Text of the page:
The Virginia House of Delegates rejected a bill to end the use of fossil fuels to generate electricity in the state by 2036.
H.B. 1635 would have barred state agencies from issuing permits for electric power generating facilities using fossil fuels, such as coal or natural gas, and for the construction of pipelines, refineries, and other facilities associated with fossil fuels, effective January 1, 2021. The proposed bill would also have mandated all the electricity provided by public utilities in the state come from renewable energy sources by 2036.
The bill passed the Commerce and Labor Committee on January 23, by a narrow vote of nine in favor of the bill and seven opposed. It was rejected overwhelmingly by the full House of Delegates on January 31, when 86 delegates voted nay on the bill and only 12 voted to approve it.
Completely ending the use of fossil fuels with current technologies is out of the question because wind and solar power are intermittent, says Tim Benson, a policy analyst with The Heartland Institute, which publishes Environment & Climate News.
“Good riddance to a bad policy,” said Benson. “There is no realistic way renewable power sources like wind and solar could have scaled up in the time allotted under the bill to replace fossil fuel generated electricity, and their intermittency means it is impossible to completely phase out the use of fossil fuels to generate electricity to begin with.”
Benson says the oil and natural gas industries are vital to Virginia’s economy.
“The oil and natural gas industries support approximately 125,000 jobs, produce more than $6.9 billion in labor income, and account for $11.97 billion in economic impact in Virginia,” Benson said. “It’s a good thing Virginia lawmakers refrained from unnecessarily restricting these two vital industries, which are safe and inexpensive and positively impact the Old Dominion state’s robust economy.”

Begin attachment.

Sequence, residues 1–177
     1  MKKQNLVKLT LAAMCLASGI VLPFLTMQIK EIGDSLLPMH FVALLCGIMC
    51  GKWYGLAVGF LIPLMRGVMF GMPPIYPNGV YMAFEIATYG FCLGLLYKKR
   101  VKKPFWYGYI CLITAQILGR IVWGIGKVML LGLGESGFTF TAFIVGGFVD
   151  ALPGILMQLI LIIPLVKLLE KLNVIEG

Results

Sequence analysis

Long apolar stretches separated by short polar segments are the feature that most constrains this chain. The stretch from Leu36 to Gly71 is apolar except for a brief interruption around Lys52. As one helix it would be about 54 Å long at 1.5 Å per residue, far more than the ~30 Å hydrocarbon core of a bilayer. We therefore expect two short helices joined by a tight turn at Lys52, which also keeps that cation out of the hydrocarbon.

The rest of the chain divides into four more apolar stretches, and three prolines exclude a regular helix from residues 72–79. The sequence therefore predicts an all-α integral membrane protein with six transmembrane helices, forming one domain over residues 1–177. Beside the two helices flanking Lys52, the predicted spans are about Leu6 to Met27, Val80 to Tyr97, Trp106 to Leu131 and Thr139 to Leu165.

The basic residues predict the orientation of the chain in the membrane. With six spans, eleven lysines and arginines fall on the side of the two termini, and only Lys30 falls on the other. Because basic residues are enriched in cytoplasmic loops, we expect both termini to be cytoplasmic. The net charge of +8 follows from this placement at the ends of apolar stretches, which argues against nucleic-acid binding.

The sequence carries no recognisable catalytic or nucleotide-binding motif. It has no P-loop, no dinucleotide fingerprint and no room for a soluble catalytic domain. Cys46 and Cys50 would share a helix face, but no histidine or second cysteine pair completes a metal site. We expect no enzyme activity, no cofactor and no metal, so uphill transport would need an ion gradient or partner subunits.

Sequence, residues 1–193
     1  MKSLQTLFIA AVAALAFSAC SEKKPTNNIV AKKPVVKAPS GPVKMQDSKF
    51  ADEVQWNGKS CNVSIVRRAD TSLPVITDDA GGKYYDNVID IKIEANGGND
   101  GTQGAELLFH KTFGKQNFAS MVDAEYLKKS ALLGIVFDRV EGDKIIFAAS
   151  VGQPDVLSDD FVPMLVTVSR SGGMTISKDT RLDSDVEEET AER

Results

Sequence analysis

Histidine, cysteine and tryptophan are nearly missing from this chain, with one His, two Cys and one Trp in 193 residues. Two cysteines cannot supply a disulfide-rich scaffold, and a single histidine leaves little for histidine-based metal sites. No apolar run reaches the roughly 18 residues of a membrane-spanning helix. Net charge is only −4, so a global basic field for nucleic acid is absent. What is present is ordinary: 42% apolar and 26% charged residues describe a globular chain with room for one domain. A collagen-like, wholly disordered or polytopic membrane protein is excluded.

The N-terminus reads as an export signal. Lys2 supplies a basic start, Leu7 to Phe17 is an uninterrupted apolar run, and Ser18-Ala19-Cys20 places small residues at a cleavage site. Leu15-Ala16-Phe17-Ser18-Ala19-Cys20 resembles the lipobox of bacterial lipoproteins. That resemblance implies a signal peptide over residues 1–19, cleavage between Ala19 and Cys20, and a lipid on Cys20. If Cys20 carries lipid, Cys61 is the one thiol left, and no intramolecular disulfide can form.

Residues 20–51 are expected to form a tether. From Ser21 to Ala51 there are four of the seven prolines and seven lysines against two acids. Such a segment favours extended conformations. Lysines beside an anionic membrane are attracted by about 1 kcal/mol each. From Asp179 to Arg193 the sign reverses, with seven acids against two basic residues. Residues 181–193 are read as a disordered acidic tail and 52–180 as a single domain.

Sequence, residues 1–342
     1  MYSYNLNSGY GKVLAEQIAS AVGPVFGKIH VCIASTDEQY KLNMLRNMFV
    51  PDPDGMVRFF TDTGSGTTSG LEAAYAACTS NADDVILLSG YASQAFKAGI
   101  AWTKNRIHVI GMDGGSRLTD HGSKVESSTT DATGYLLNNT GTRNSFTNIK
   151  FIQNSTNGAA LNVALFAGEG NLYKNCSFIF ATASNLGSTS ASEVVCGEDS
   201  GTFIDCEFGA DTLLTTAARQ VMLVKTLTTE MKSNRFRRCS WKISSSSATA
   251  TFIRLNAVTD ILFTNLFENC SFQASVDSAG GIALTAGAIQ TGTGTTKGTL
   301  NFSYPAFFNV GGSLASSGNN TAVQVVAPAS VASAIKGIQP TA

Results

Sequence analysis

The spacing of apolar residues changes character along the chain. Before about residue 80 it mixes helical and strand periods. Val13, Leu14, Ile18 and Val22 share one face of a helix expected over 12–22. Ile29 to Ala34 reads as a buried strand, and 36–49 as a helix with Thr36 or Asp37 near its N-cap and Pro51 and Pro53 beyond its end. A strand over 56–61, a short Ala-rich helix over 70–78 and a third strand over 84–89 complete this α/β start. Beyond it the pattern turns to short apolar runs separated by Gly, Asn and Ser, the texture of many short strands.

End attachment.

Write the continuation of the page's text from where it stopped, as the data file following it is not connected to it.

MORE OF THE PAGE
‘Back to the Stone Age’
To avert power shortages, markets, not government, should decide Virginia’s energy mix, says Lynn Taylor, president of the Virginia Institute for Public Policy.
“Any time the government prohibits the use of one product and mandates the use of a substitute, the American people should shudder and race to the ballot box,” Taylor said. “Mandating renewable energy sources, and only these sources, be used, as H.B. 1635 did, would take Virginia back to the Stone Age.
“We would spend most of our time deciding how to maneuver between the inevitable brownouts and blackouts,” said Taylor. “Renewable energy sources should be given the opportunity to compete in the marketplace alongside fossil fuels, with the market, not the government, deciding which energy sources work best for Virginians.”
Ending Fossil Fuels ‘Irresponsible’
Fossil fuels have made America’s economy the envy of the world, says Michael W. Thompson, president of the Thomas Jefferson Institute for Public Policy.
“Wishing for ‘green energy’ to power our economy and light our homes is a dream at this point, since wind and solar energy have not proven to be effective, cost-efficient alternatives to clean coal, natural gas, and oil,” Thompson said. “To a large degree, our economy is the strongest in the world today because of our low-cost sources of energy, which is due to the abundance of fossil fuels.
“For green energy to replace fossil fuels in the future, power production from these sources needs to become much more cost-effective than they are today, and government subsidies for wind and solar should end,” said Thompson. “To dictate a date for fossil fuels to be banned is irresponsible to the future of mankind.”
Ignoring Nuclear Power
Thompson says green energy promoters also ignore the benefits nuclear power provides to the nation.
“The one non-fossil-fuel source of electricity never discussed by the green energy advocates is nuclear power, yet, it is a proven, cost-effective and clean energy power source,” Thompson said. “As long as the ‘green power advocates’ refuse to recognize nuclear power, their credibility cannot be taken seriously.”
H. Sterling Burnett, Ph.D. ([email protected]) is a senior fellow at The Heartland Institute.